We have all heard about the problem veterans have in getting adequate health care. It was certainly the grist of the last presidential election. West Point graduate General Shinseki, himself a disabled Vietnam veteran, failed in his efforts to reform the problem during President Obama’s first term, and Bob McDonald, another West Point graduate, former chairman of Proctor and Gamble, turned out to be equally ineffective during Obama’s 2nd term. Knowledge of the military seemed to be far less important than the ability to wade through the bureaucratic morass of the Veterans Administration and arcane rules governing hiring and firing of federal employees. President Trump has appointed David Shulkin, an Obama VA Under Secretary, and himself a psychiatrist, as the new Veterans Administrator. Under his leadership some changes are apparently underway, but we have heard that promise before. What he is actually able to accomplish is yet to be seen.
There is, however, another dirty little secret regarding our veterans, that no one is willing to talk about. Last year is the best data we have, and as of then, we had 49,933 homeless veterans in this country—men and women who answered the call to service, putting their lives at risk and careers and family lives on hold to protect us. Within that group, 91% are male and 98% of them are single, and over 800,000 are unemployed. Those who suffer from some kind of mental or physical disability comprise 54%. While 11% of veterans are African American, those who are homeless are over represented at 39%. This is a national disgrace.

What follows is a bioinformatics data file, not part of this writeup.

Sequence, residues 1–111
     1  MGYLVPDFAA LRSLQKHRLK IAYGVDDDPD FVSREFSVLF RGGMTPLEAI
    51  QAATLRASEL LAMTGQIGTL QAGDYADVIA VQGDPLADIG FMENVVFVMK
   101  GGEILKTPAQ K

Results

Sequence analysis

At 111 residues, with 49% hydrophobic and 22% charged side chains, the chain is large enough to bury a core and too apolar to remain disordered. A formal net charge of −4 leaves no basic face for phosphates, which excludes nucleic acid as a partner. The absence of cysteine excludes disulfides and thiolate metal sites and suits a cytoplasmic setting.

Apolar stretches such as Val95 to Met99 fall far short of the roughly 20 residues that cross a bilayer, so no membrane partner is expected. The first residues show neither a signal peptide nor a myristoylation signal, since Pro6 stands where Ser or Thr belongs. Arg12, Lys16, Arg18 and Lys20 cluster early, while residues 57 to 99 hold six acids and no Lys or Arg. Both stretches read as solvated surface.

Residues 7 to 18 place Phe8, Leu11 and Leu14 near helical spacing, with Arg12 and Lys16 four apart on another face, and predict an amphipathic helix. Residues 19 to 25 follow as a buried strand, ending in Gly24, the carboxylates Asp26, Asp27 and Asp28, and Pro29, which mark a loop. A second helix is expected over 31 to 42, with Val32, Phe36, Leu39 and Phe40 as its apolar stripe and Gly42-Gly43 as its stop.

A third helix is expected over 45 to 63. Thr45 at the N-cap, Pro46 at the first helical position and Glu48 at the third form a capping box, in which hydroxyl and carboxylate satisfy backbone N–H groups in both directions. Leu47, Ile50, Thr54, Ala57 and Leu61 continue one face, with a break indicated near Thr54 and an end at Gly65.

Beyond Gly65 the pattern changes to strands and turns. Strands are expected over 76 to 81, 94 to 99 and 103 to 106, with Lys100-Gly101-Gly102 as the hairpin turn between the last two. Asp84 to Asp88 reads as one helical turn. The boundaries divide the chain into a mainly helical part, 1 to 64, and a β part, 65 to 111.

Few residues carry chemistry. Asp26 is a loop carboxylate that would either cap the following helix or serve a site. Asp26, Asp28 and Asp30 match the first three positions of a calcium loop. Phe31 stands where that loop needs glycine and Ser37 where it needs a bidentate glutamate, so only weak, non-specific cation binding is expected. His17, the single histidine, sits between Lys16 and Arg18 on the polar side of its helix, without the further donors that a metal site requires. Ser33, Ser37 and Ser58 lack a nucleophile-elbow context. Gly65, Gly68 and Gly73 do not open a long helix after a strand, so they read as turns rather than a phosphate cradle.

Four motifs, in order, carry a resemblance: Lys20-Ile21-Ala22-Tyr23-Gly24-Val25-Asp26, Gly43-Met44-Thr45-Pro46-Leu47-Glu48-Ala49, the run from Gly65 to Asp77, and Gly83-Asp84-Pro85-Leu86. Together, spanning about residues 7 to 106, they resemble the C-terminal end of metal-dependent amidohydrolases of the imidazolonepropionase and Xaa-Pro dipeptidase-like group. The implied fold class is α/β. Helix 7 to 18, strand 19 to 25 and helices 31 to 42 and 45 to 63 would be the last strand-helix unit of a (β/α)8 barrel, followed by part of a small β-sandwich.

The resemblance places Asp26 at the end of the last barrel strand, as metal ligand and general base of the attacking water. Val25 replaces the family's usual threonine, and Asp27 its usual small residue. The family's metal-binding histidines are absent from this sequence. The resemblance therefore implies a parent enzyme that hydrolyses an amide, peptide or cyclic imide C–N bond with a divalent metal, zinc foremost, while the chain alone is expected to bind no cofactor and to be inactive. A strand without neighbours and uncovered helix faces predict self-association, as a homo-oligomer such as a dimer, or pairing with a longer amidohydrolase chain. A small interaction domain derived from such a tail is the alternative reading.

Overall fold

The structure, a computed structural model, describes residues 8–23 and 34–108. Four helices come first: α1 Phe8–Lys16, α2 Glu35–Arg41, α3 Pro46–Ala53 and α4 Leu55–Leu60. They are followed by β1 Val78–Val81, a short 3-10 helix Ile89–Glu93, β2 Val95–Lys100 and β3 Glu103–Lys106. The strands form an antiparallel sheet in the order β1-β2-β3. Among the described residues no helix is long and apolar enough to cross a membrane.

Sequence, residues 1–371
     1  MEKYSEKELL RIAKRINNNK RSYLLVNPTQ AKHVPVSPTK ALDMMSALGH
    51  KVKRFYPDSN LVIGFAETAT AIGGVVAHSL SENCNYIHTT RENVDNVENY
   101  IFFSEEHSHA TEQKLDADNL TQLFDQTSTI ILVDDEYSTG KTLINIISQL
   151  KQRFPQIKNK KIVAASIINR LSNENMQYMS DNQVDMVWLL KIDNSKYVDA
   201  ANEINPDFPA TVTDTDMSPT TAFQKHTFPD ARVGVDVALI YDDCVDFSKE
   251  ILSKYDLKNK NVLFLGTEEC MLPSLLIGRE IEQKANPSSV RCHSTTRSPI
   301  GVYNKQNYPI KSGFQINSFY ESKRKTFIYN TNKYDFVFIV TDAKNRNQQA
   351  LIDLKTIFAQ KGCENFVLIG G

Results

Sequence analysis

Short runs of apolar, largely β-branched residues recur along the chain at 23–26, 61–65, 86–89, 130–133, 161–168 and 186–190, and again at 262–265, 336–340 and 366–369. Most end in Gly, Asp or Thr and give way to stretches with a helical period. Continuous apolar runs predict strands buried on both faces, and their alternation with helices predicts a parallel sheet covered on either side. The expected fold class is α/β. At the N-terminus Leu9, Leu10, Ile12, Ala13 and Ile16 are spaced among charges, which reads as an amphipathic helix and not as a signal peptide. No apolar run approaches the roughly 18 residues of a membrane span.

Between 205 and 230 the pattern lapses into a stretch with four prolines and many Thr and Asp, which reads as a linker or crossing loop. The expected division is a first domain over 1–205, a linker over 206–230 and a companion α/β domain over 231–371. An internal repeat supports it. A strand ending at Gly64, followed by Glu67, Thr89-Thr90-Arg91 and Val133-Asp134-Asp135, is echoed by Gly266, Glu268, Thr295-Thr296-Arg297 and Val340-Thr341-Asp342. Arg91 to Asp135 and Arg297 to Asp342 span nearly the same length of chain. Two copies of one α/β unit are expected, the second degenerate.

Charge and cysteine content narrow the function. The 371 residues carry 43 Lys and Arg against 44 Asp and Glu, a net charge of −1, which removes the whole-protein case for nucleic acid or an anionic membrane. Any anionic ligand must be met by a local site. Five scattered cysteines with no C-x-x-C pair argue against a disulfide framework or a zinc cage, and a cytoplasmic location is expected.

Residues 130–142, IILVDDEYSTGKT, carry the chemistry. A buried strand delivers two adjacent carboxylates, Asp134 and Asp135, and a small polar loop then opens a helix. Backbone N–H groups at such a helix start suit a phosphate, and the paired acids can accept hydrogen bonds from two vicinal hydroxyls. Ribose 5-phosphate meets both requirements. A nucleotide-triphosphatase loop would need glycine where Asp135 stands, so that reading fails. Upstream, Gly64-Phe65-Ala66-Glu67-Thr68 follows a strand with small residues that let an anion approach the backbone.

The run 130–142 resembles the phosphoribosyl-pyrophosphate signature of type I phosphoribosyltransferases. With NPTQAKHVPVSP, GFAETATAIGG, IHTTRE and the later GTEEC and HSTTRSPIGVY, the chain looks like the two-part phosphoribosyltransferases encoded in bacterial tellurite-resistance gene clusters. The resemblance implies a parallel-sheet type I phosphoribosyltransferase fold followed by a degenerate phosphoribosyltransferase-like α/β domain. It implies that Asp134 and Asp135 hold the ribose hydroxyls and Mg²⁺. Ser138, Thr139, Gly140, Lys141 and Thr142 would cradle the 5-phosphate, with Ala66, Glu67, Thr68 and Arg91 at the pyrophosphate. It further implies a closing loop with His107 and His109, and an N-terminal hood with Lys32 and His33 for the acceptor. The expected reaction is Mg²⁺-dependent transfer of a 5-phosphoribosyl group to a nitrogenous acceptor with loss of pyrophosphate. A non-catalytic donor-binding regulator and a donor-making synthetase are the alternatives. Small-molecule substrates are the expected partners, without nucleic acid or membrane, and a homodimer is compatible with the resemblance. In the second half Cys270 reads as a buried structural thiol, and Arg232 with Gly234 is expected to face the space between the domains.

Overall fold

I believe that no veteran should be without a place to call home. If I am right, what can we do?
You probably see the ads on TV or hear them on the radio as you drive around our state, asking for donations to various private veteran support groups. There are currently over 100 different organizations that exist to support our veterans: The American Legion, Wounded Warriors Foundation, Military Order of the Purple Heart, The Veteran’s Voice, The Special Operations Warrior Foundation, Baton USA, Am Vets, the VFW, Rolling Thunder, and dozens more. Why is that? Why do so many private organizations have to spring into existence to support those whom our government sent off to fight for us? They exist to fill the void that our representatives have allowed to exist and fester. It is a national disgrace.
If elected as your Republican nominee for senator, I will immediately launch an initiative to gather together representatives from every one of these organizations in Indianapolis for a national conference to uncover all the major issues our veterans face, develop innovative private and public sector ways to meet those needs, and uncover any overlaps in care currently provided. While we should applaud all of their individual initiatives to help our vets, we need to coordinate efforts at the state and national levels to ensure the best use of their time, money, and services. The idea is not to interfere with such initiatives but to unearth ways to enable them to become even more effective. This is a problem that can be solved and should be solved—let’s get to work and truly help our veterans.